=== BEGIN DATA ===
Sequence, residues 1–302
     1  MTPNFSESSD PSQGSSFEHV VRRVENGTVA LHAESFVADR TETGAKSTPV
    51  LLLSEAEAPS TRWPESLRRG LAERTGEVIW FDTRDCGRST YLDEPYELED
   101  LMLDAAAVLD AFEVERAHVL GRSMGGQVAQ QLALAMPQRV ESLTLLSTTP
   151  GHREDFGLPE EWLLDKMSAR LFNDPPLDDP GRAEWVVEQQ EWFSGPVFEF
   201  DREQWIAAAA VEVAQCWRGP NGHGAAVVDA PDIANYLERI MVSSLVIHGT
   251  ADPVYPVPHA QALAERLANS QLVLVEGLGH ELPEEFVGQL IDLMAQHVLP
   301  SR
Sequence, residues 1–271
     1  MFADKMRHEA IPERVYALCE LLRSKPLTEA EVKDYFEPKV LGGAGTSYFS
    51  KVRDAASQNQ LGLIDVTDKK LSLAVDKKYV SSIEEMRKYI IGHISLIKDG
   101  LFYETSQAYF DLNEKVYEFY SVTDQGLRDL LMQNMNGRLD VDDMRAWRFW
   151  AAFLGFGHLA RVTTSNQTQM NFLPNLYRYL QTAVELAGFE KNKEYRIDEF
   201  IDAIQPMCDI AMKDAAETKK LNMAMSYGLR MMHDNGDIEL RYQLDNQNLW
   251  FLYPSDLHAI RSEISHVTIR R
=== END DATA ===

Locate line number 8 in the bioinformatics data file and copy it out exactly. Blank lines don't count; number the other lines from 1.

   301  SR